Google Pixel Review Roundup: Worthy Android iPhone Competitor
Google unveiled its all-new Pixel and Pixel XL smartphones earlier this month, and now, as the handsets are about to hit the stores, it’s time for the journalists who have been lucky enough to have tested them to share their opinions about the Google-designed and HTC-manufactured device. Yes, it’s review roundup time!
As it turns out, Pixel has received mostly favourable reviews, which gives the handset a great start and positions it well against its main competitors: the iPhone, Samsung’s flagship devices and other high-end Android smartphones. Since the Note 7 is now dead, it remains to be seen whether brand loyalty will be enough to keep Samsung users in the ecosystem, or if they will make the jump to either the iPhone or Pixel.
We’ve gathered a handful of reviews; check them out below.
As a lifelong Android user, I couldn’t wait to try the Pixel. It’s different than other Android phones, because it’s the first handset centred around the company’s artificial intelligence; the same omnipotent intelligence that’s vacuuming up information about you every time you use a service like Gmail, Google Maps, or Google Calendar. The “Google brain” learns your habits over time, and can help you find important information faster. The problem is that Google’s AI is too stupid to be meaningfully helpful at this stage.
Google’s ambitious new smartphone, the Pixel, doesn’t offer a lot that’s new. Yet it’s still one of the best out there. Google achieves that by pulling together the best features from Apple, Samsung and other phone makers and offering them at prices comparable to iPhones — starting at about $650 for the regular, 5-inch model and $770 for the 5.5-inch “XL” edition.
The Wall Street Journal:
One reason is the phone’s superior screen. The AMOLED display makes photos look better; even ones taken on an iPhone. Blacks are deeper, colors are more vibrant and the higher pixel density makes everything sharper.
The camera also performs better in low-light situations, compared with the excellent cameras in the Samsung Galaxy S7 and iPhone 7. In testing, its photos had more dynamic range and color saturation. The only noticeable tradeoff is that some Pixel night shots have more noise (digital graininess).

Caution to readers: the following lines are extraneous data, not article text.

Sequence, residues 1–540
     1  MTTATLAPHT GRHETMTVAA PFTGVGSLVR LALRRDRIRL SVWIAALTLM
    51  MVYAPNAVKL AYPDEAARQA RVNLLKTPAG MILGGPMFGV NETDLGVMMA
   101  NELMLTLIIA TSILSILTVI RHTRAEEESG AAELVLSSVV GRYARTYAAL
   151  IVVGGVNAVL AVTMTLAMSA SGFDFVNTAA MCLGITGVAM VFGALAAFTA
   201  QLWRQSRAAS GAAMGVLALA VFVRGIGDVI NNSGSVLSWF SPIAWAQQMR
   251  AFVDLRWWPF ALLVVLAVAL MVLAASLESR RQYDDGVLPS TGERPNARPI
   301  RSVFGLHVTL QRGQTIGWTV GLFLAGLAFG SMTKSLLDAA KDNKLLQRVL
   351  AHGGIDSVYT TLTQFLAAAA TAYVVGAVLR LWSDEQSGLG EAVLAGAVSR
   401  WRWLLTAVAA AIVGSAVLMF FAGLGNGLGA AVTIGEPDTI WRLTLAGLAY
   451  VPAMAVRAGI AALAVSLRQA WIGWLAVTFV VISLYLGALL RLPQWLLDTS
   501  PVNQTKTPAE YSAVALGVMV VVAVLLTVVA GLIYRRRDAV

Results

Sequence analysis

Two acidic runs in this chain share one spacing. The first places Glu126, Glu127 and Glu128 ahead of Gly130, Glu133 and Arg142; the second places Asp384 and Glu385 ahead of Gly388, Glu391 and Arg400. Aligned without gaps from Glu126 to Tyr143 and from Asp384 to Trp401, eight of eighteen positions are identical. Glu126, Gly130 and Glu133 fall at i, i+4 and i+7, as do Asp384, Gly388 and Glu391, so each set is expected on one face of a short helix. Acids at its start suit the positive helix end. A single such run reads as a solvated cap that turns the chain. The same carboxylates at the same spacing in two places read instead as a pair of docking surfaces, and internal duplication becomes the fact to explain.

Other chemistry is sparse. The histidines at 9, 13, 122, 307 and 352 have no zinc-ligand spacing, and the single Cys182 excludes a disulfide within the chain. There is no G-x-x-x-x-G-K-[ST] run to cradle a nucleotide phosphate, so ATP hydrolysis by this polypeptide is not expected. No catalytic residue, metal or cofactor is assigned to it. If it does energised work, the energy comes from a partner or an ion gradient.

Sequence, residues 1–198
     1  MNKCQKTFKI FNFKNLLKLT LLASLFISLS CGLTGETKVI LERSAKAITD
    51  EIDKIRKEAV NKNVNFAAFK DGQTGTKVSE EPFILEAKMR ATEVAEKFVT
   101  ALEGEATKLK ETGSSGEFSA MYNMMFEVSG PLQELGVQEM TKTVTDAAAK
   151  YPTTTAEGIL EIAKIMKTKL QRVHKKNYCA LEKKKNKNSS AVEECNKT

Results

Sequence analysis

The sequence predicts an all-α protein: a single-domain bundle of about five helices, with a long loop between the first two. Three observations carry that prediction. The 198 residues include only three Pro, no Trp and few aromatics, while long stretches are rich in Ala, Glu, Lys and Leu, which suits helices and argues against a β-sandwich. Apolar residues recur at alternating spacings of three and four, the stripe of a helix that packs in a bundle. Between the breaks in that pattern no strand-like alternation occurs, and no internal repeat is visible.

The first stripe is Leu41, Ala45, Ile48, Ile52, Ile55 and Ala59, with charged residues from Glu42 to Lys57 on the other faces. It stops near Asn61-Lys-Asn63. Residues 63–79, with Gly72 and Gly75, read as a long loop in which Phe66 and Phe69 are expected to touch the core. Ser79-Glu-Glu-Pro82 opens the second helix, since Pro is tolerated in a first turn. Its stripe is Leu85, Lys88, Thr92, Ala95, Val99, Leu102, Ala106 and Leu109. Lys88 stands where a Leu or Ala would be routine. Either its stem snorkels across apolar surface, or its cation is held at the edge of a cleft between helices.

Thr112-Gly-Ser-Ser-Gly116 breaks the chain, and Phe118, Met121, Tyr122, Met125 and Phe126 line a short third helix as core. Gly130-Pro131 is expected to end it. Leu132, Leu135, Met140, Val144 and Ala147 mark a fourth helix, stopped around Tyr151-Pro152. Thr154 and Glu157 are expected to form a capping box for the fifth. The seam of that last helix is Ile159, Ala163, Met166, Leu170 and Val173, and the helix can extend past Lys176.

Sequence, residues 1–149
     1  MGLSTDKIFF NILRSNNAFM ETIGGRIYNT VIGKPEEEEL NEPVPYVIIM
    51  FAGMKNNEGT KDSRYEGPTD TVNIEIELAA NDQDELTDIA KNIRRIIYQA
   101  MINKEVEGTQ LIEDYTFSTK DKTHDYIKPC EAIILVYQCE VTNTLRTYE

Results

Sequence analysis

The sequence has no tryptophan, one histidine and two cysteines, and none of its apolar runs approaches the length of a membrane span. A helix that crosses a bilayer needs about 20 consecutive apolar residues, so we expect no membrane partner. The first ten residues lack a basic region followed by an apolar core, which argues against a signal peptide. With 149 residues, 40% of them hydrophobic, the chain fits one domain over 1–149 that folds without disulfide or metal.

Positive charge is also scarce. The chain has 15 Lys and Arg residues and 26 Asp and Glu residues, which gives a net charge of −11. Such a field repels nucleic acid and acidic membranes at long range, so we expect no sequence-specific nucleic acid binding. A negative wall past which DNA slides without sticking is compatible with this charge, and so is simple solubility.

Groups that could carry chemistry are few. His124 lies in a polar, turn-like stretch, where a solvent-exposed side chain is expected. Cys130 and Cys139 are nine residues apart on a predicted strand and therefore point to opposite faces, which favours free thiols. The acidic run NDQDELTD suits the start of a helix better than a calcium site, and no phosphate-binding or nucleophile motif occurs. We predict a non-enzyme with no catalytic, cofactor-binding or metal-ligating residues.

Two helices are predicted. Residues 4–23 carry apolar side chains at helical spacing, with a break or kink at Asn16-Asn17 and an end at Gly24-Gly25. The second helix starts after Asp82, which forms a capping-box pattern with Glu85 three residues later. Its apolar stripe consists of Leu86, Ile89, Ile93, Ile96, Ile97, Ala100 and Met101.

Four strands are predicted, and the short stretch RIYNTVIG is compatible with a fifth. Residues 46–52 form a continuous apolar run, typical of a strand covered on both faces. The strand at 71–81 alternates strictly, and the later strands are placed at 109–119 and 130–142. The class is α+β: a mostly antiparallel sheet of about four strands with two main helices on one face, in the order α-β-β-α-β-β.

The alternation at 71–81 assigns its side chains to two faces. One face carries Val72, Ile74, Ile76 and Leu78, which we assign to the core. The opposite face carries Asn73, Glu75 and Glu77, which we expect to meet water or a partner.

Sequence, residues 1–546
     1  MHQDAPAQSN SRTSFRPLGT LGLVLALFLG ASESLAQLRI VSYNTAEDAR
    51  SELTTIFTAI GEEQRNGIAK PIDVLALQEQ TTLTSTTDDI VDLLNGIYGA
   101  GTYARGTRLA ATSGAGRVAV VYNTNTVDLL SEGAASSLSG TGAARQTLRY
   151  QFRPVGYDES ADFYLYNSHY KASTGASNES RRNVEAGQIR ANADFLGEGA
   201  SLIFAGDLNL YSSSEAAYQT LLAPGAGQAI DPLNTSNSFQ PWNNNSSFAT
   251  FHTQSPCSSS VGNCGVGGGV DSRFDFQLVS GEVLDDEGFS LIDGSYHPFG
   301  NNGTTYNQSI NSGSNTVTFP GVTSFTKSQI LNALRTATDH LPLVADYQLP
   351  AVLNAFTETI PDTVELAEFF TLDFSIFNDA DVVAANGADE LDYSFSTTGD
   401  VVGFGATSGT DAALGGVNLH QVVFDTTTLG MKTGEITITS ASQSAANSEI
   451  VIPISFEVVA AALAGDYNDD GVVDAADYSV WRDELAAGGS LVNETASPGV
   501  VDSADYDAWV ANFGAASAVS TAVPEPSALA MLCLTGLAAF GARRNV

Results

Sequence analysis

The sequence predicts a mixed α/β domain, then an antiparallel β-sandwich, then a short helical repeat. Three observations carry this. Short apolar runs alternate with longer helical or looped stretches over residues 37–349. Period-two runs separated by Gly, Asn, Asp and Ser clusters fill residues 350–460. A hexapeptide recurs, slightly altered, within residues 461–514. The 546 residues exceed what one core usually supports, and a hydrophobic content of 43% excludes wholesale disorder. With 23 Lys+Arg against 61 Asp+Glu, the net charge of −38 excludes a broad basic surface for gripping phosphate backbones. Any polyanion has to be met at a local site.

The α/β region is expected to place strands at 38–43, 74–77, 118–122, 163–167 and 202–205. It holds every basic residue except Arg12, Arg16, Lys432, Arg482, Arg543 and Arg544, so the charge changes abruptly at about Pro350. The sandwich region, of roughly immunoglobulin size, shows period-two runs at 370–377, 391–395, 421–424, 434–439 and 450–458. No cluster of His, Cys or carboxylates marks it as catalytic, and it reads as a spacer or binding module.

This is Google’s first phone, and for a first effort it is remarkably good. By almost every metric I can think of — speed, power, camera, smart assistant, you name it — it matches or exceeds the best phones available on the market today. And though the design is far from groundbreaking, it’s certainly approachable. The whole package is pretty incredible, and if you’re not put off by the premium price, you’ll be very happy with this premium phone. I prefer the XL, which isn’t huge and seems to get notably better battery life.
The New York Times:
– The Pixel’s fingerprint sensor, for unlocking the phone, is annoyingly on the back of the device rather than on the face. So when you’re on the go, you will probably be using two hands — one to hold the phone and the other to place your fingerprint on the back — to unlock the Pixel.
– In speed tests run with the mobile app Geekbench, the Pixel was about 20 percent slower than both the iPhone 7 and the Galaxy S7.
I’ve always been an iPhone guy, honestly. But I’m switching. For real. I’m turning off iMessage, re-buying apps, and warning friends that I probably won’t get their texts for a few days. I am a little worried about Google’s long-term commitment to this new hardware push (and the customer support that comes with it), given its propensity for killing products that don’t get billions of users. But I’m totally in love with the Pixel. I love this camera, I love Google Assistant, I love that I’ll get to use it with a comfy VR headset, I love that I finally get a version of Android that is both powerful and attractive. I love that there’s a kickass Android phone that (probably) doesn’t explode.